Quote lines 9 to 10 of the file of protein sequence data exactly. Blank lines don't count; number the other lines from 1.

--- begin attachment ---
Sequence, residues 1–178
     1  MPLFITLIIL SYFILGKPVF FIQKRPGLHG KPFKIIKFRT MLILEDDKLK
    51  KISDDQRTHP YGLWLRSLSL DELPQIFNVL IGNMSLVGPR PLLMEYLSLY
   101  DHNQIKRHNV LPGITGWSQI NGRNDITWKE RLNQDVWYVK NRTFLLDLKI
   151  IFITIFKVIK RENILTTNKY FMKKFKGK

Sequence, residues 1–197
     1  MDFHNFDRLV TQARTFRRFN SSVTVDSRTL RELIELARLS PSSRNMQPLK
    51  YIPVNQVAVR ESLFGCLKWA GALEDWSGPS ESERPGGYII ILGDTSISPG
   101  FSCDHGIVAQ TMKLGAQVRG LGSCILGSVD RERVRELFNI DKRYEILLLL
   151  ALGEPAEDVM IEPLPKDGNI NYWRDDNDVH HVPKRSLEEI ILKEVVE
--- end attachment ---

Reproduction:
   101  FSCDHGIVAQ TMKLGAQVRG LGSCILGSVD RERVRELFNI DKRYEILLLL
   151  ALGEPAEDVM IEPLPKDGNI NYWRDDNDVH HVPKRSLEEI ILKEVVE